GENDER STEREOTYPES IN CONVERSATIONAL ENGLISH
Has it ever occurred to you why one person is called 'a HuMAN being' in conversational English? Why do we say 'He' to speak about one person in a group, in which there are both men and women? Is it really fair?
English seems to have a special attitude to MAN and WOMAN, which is an absolutely reasonable conclusion. A language has certain stereotypes that are typical of only women and only men.
There are a number of stereotypes imposed by our society on men and women. They can be easily observed in the language which reflects the national identity and culture of native speakers. In conversational English these stereotypes are called 'Gender stereotypes'.
Examples of gender stereotypes in English are men-women relationships:
Gender stereotypes are cultural and social views (beliefs, opinions, ideas) about character and behaviour which are peculiar to 'real' men and women. They influence our conscience according to the principle 'right/wrong'. This modifies certain behaviour, the same characteristics are evaluated differently depending on the gender.
By contrast, if we tell a man that he has 'a woman's personality', we will insult him.
Let us give more examples from contemporary English to find out which 'gender' (feminine or masculine) prevails.
We can take a group of synonyms 'humanity' - 'mankind', which obviously excludes 'womankind'. It is common knowledge that these words can by replaced by 'man' in any sentence, but the word 'woman' never does it.
'Man's great achievements'
'Humanity's great achievements'
'Mankind's great achievements'
NEVER 'woman's great achievements'
Thus, a woman seems to be excluded from 'humanity'. In practical English the lack of symmetry is reflected in the fact that 'woman' and 'she' are used more rarely than 'man' and 'he'.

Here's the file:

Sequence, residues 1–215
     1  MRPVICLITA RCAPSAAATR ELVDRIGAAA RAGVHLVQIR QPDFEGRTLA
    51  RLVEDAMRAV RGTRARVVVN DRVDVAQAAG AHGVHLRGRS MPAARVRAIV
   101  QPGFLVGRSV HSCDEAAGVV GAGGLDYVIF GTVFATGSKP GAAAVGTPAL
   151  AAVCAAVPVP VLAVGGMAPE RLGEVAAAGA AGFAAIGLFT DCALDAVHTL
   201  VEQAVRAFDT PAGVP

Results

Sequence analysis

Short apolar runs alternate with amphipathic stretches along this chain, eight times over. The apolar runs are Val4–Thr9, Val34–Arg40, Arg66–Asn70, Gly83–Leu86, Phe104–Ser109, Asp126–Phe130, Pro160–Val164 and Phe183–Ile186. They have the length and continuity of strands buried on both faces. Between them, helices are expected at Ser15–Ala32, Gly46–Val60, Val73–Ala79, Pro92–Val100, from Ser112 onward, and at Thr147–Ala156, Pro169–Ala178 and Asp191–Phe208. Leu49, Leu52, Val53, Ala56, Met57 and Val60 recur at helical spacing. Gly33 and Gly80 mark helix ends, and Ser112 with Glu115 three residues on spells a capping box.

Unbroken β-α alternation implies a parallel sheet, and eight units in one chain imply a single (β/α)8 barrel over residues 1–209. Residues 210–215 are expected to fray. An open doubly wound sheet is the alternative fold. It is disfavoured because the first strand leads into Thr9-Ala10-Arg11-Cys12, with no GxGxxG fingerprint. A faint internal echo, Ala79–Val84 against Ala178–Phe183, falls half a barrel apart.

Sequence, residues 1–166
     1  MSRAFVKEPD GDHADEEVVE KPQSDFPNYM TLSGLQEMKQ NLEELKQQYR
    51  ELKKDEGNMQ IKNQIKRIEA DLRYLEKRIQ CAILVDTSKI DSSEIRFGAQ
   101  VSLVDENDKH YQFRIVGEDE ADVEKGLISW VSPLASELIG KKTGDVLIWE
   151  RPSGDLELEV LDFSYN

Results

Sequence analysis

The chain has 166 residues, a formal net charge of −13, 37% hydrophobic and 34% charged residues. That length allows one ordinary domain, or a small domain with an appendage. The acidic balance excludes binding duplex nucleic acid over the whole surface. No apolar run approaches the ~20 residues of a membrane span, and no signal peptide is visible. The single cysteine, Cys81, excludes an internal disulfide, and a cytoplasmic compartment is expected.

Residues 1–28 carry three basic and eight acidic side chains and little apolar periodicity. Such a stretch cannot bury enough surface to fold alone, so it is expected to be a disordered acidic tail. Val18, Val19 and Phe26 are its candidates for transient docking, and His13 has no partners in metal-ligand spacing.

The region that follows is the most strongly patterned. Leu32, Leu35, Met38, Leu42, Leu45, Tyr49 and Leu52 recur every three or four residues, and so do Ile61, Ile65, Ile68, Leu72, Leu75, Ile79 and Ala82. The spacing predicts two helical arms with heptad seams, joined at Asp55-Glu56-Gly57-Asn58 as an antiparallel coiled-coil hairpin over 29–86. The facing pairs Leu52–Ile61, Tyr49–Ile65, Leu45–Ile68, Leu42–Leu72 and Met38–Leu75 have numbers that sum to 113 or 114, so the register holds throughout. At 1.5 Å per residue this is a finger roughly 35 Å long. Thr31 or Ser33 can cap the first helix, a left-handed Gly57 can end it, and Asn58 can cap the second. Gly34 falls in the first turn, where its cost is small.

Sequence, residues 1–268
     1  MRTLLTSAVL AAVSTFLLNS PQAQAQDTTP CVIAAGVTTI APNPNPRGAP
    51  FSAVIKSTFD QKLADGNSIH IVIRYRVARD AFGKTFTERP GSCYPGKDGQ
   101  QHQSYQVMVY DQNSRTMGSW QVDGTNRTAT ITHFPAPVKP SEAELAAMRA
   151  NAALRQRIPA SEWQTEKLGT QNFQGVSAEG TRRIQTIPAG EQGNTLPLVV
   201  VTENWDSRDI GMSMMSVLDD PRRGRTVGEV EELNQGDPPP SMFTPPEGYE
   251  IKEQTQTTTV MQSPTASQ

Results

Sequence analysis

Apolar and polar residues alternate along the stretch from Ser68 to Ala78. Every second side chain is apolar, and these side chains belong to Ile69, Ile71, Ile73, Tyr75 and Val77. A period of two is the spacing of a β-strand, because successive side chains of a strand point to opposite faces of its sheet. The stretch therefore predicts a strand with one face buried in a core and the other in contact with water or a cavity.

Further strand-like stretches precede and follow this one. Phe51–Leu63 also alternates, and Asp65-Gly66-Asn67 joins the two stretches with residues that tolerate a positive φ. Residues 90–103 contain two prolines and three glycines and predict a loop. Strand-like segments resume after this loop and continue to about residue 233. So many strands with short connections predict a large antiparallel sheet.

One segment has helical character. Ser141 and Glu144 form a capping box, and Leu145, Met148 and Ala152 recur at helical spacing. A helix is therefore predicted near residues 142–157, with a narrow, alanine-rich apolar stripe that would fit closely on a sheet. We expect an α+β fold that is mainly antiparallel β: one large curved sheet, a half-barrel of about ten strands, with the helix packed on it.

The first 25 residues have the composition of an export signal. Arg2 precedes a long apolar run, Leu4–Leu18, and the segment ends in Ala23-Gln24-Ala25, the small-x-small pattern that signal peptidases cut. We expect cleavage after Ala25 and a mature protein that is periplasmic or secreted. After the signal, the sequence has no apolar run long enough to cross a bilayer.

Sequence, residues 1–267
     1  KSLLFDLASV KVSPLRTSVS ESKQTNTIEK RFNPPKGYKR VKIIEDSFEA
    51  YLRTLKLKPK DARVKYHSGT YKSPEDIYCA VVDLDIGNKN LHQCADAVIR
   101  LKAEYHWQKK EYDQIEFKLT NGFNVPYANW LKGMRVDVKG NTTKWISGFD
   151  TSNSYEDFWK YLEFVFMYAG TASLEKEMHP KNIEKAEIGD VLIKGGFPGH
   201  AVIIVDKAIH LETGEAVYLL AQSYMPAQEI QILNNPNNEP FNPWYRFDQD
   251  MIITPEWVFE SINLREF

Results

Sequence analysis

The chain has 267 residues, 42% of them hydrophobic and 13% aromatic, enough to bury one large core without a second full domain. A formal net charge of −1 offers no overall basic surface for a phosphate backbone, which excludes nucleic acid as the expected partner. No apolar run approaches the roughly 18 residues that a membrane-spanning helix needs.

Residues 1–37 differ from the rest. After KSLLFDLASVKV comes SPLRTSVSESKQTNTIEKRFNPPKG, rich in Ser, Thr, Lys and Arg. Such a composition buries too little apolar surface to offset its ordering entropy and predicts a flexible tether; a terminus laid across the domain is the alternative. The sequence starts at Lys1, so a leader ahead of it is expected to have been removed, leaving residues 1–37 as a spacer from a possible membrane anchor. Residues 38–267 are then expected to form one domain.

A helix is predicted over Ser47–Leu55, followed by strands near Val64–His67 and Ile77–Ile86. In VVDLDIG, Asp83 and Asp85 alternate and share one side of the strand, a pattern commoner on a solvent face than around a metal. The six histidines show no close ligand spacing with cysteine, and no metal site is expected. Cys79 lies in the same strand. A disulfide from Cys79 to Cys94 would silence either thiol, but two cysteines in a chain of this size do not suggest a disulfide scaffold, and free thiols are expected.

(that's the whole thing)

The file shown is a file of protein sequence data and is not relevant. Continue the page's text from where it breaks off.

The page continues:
The impact of gender stereotypes is especially noticeable in conversational English if we compare a few pairs of words. Take, for instance, ‘spinster’ – ‘bachelor’. Despite having a similar meaning -'the one who is not married', these words have absolutely different connotations.
'Bachelor' is neutral, meaning a man without commitment who has a wide choice of women, while 'spinster' is used by native speakers to describe a woman who is not popular among men and who is too old to have a partner.
As these examples show, conversational English favours a man's gender behaviour. Anyway, the issue of gender behaviour in the language is still open, since a lot of scholars tend to think that most English words are neutral. That is the reason why there is no category of gender in English.
The following table can prove that English is mainly neutral.
|Mental ability: talent, intelligence|
4. Smart aleck
10. Genii, genius
23. Maven (pazg)
For example, if we tell a woman that she has 'a men's intellect', we will pay her a compliment.